Putin has even now offered to meet with Russian LGBT activists, something he only offered because President Obama is doing the same. And President Obama likely only offered it because the issue exploded in the news over the past month following the Russian vodka boycott.
What will be interesting to see is whether Putin actually meets with any gay advocates, and then with whom? Nikolai Alexeyev was probably Russia’s best-known activist until he suffered a very public anti-Semitic meltdown last week, in which he repeatedly stated that the “Jewish mafia” was out to get him, that Jews control the world, and then he referred to Jews as “yids” and “kikes,” among other pejoratives.
That alone would be reason for most leaders to have concerns about a meeting (Alexeyev’s name, for example, has not popped up on a public list of top Russian activists picked to meet with President Obama on Thursday).
But on the plus side for an Alexeyev-Putin meeting, Alexeyev has been playing into Putin’s anti-American, and anti-gay, messaging of late. For example, Alexeyev erroneously told a Kremlin propaganda network that Russia’s new anti-gay law would not be applied in practice, only 24 hours before it was used to charge a 24 year old young man who had held a single sign in the center of a small town.
In addition, Alexeyev recently penned a rambling essay in the print version of the Kremlin propaganda network that claimed gay and trans Russians seeking asylum in the US and Europe were liars who were faking their persecution. He also claimed last night that life in Libya under dictator Muammar Qaddafi was great until the American (and French) bombing, which helped to overthrow Qaddafi, and liberate Libya, spoiled everything.
The question for Putin is whether a potentially-ungrounded gay advocate works to his advantage. And I suspect it may, from a distance. Putin would like nothing better than to portray Russia’s LGBT community as nothing more than a bunch of hateful, paranoid nutjobs. But meeting someone this unpredictable in person is an entirely different matter for a world leader. There’s no telling what Alexeyev, who has more than a touch of a me-me-me streak along with his virulent anti-semitisim, would do in an actual in person meeting with Vladimir Putin. Would Alexeyev use the word “kike” with the cameras rolling? Would he ask Putin about Jewish sperm vodka (a topic Alexeyev recently opined about on Facebook and Twitter)? And would Putin then be forced to distance himself from the hateful rhetoric on camera, to in essence side with Jews on camera, which won’t do much to endear him to the far-right family-values bigots he’s been wooing of late?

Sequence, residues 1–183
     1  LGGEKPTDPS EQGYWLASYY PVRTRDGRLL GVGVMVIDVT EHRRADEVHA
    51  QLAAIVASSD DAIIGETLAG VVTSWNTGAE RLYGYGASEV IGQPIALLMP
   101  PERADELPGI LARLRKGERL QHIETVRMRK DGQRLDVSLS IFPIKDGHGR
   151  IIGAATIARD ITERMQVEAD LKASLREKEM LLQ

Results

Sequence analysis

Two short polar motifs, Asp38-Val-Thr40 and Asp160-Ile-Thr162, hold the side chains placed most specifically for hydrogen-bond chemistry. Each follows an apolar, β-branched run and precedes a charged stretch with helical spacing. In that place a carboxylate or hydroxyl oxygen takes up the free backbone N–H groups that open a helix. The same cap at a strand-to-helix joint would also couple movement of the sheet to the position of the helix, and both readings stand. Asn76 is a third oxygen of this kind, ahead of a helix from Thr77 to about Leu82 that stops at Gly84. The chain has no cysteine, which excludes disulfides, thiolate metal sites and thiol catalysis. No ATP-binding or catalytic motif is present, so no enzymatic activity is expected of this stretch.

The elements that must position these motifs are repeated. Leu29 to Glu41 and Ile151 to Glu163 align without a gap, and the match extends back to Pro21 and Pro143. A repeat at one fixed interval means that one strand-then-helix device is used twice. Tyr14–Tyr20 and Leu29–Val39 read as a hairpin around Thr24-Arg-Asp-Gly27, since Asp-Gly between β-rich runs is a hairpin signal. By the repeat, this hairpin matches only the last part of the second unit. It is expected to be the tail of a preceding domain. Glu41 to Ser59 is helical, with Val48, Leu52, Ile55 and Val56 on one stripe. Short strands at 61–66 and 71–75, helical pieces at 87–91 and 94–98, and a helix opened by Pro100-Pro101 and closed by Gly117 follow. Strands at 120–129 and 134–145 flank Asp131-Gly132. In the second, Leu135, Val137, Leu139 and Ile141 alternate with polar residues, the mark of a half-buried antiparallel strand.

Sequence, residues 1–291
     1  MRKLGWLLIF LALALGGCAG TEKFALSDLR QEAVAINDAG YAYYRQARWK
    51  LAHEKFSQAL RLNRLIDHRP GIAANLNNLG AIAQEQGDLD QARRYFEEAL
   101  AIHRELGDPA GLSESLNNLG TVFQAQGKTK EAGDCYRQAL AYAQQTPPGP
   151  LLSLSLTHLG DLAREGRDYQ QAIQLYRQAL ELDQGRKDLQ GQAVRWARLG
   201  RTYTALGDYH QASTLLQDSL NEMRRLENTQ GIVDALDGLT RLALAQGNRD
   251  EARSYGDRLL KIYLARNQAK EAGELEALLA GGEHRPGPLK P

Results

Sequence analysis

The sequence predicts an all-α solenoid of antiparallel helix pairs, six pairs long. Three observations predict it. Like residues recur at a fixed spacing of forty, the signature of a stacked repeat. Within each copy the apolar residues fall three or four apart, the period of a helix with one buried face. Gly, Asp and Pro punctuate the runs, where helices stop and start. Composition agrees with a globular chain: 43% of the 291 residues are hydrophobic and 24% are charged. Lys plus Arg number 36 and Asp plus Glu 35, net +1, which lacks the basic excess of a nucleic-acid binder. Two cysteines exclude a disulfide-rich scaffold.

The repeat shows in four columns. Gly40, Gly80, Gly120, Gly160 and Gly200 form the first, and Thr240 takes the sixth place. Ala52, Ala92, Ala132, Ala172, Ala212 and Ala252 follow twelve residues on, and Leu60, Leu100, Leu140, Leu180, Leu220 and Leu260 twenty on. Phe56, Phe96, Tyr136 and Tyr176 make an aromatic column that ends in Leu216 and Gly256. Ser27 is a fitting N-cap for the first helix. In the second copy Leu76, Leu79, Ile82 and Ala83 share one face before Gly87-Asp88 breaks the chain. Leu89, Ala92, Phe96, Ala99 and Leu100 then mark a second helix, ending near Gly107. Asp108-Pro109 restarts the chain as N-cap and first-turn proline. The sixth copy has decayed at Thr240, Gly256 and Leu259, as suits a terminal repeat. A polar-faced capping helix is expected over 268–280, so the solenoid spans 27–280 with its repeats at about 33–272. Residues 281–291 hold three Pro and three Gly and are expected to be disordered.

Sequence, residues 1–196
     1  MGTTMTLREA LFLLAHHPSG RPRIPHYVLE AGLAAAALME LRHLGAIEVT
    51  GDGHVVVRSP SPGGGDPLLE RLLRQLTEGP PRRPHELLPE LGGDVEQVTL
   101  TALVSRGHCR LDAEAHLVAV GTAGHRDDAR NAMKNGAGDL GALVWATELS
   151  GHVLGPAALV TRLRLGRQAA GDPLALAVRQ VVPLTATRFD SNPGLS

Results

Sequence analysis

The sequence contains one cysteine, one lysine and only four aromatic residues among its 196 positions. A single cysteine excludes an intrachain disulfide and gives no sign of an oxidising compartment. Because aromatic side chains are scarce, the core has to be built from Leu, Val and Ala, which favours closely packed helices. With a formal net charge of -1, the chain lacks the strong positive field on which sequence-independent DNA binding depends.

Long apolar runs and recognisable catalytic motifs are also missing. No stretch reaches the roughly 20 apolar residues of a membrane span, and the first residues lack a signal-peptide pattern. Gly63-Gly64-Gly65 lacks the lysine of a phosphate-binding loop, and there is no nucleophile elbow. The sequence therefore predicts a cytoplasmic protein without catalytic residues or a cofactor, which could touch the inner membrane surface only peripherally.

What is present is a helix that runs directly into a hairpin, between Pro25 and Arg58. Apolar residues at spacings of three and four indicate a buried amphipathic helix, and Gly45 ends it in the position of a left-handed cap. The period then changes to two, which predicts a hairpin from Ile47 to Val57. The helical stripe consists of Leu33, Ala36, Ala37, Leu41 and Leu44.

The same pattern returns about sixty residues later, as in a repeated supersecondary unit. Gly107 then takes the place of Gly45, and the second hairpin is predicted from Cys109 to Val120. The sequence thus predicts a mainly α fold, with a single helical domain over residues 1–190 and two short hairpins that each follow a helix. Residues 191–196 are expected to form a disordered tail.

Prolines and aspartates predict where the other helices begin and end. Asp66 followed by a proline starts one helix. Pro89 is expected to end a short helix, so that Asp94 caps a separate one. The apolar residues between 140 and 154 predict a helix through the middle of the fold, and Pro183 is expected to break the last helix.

While I’m sure it would make for some fun theater, if I were Putin’s handlers, I wouldn’t want to find out.
Having said that, the ultimate irony in all of this is that Alexeyev may end up getting his meeting with Putin after all, thanks to the international LGBT community he’s so excoriated over the past month. Alexeyev was opposed to the Russian vodka boycott that exploded the Russian gay issue internationally after years of being practically ignored. So in a very real way, the only reason that Vladimir Putin is even talking about meeting with LGBT activists is because the world refused to listen to the advice of former Russian gay leader Nikolai Alexeyev.